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Anatomy Atlases: Illustrated Encyclopedia of Human Anatomic Variation: Opus II: Cardiovascular System: Superior and Inferior Epigastric Arteries and Rectus Abdominis Muscle (Based on a Study of 115 specimens).

Illustrated Encyclopedia of Human Anatomic Variation: Opus II: Cardiovascular System

Superior and Inferior Epigastric Arteries and Rectus Abdominis Muscle (Based on a Study of 115 specimens).

Ronald A. Bergman, PhD
Adel K. Afifi, MD, MS
Ryosuke Miyauchi, MD

Peer Review Status: Internally Peer Reviewed


Image of superior and inferior epigastric arteries and rectus abdominis muscle

A: The frequency of various configurations of the inferior epigastric artery after dissection are shown in a, b, c, and d. The lower set of figures shows the anastomoses or absence thereof as revealed by dissection: e, no anastomosis; f, 1 anastomosis; g, 2 anastomoses; and h, multiple anastomoses.

B: The rectus muscles with the epigastric arteries dissected. A special dissection of a specimen with many anastomoses between superior and inferior epigastric arteries. This dissection also illustrates the manner in which arteries tend to follow the tendinous inscriptions.

The authors provide the following conclusions from their study: The rectus muscles are variable in length and width, tending to parallel body build in their relative dimensions. In the majority of cases the two recti are of equal length, and measure between 34 and 38 centimeters.

The two rectus muscles in a given individual usually have the same number of inscriptions, and in half of the bodies in this series the number was 3 on each side. No muscle had more than 4 inscriptions.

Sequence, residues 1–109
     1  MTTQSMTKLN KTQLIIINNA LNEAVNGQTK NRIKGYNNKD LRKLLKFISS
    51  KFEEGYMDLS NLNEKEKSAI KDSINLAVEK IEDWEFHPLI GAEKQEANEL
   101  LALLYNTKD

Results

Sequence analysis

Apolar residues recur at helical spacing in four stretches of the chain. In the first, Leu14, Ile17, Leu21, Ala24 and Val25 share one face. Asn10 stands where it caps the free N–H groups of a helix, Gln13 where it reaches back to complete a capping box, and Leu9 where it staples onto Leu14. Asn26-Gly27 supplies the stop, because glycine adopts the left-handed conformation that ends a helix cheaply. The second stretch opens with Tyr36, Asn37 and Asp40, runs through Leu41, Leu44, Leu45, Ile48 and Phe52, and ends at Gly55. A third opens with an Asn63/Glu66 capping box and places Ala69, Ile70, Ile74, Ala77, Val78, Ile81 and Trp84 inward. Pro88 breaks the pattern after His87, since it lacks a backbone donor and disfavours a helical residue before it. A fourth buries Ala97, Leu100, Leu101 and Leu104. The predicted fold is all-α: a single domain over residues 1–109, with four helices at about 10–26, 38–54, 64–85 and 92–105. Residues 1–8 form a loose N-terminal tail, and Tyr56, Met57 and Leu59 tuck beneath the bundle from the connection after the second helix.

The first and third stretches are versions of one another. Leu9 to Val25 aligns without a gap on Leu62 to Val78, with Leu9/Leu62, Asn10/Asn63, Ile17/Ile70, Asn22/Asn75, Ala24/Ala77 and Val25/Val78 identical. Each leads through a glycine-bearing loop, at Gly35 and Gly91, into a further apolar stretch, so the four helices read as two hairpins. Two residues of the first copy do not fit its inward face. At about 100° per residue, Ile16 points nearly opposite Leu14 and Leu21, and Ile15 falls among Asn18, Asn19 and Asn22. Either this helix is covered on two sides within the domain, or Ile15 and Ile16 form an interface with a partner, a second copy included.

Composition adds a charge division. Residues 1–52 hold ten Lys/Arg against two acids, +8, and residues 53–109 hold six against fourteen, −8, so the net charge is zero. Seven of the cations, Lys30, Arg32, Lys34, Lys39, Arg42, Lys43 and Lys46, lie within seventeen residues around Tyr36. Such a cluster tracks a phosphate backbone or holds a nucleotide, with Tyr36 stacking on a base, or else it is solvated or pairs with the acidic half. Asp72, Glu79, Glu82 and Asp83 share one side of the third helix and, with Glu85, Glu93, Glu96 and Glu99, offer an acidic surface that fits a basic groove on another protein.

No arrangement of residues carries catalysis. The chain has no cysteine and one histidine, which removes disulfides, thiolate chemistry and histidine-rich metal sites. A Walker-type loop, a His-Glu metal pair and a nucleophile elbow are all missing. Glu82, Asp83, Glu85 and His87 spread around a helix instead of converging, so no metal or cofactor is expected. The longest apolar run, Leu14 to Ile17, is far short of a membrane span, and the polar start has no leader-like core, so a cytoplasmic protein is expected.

The deep inferior epigastric artery was present in all bodies bilaterally, most frequently as a single-stem vessel lying on the posterior aspect of the rectus, and entering the substance of the muscle in its middle third.

The superior epigastric artery is occasionally not seen on the dorsal surface of the rectus, being either absent or buried in muscle tissue. When present, it is usually a single stem that enters the medial portion of the muscle after a short course on the surface.

In only 1 instance, in this series of 162 muscles examined, did the superior and inferior epigastric vessels anastomose on the surface of the rectus muscle in the pattern frequently depicted in anatomy texts. Furthermore, when muscle fibers had been dissected away from the arteries, only 40 per cent of the superior and inferior epigastric arteries were found to have any gross anastomoses.

Three or 4 small branches of the inferior epigastric artery commonly pass laterally through the linea semilunaris into the plane between the transversus abdominis and internal oblique muscles of the abdomen. These vessels usually leave the middle two-fourths of the muscle from its posterior aspect, and they most frequently accompany branches of the ninth, tenth, or eleventh thoracic nerves. These vessels were dissected out to their termination, and it was found that only 15 per cent anastomosed with intercostal or circumflex iliac arteries. The remaining vessels terminated most commonly in the transversus abdominis in the upper abdomen and in the internal oblique in the lower abdomen.

Finally, the data on arterial anastomoses were re-examined to discover whether there was an increased number of anastomoses between epigastric and intercostal vessels in those bodies with grossly demonstrable anastomoses between superior and inferior epigastric arteries. It was found that there was no increased tendency for such anastomoses to occur between epigastric and intercostal vessels when grossly demonstrable connections between the superior and the inferior epigastric arteries were present.

Redrawn from Milloy, F.J., Anson, B.J. and D.K. McAfee. The rectus abdominis muscle and the epigastric arteries. Surg. Gynecol. Obstet 110:293-302, 1960.

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